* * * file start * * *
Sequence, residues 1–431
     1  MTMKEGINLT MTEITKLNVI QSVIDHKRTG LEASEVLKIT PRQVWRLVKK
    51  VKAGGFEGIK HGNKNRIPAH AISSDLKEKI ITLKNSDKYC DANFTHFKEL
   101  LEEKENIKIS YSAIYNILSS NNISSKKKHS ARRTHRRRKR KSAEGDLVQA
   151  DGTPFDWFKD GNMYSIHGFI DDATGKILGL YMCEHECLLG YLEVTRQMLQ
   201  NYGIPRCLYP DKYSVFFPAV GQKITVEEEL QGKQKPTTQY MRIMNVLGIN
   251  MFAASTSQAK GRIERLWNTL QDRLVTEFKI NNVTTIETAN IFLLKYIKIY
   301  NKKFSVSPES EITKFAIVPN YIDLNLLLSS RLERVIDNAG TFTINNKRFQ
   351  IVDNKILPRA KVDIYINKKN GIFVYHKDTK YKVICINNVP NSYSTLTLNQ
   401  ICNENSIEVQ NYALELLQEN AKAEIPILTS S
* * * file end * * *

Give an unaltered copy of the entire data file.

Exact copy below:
Sequence, residues 1–431
     1  MTMKEGINLT MTEITKLNVI QSVIDHKRTG LEASEVLKIT PRQVWRLVKK
    51  VKAGGFEGIK HGNKNRIPAH AISSDLKEKI ITLKNSDKYC DANFTHFKEL
   101  LEEKENIKIS YSAIYNILSS NNISSKKKHS ARRTHRRRKR KSAEGDLVQA
   151  DGTPFDWFKD GNMYSIHGFI DDATGKILGL YMCEHECLLG YLEVTRQMLQ
   201  NYGIPRCLYP DKYSVFFPAV GQKITVEEEL QGKQKPTTQY MRIMNVLGIN
   251  MFAASTSQAK GRIERLWNTL QDRLVTEFKI NNVTTIETAN IFLLKYIKIY
   301  NKKFSVSPES EITKFAIVPN YIDLNLLLSS RLERVIDNAG TFTINNKRFQ
   351  IVDNKILPRA KVDIYINKKN GIFVYHKDTK YKVICINNVP NSYSTLTLNQ
   401  ICNENSIEVQ NYALELLQEN AKAEIPILTS S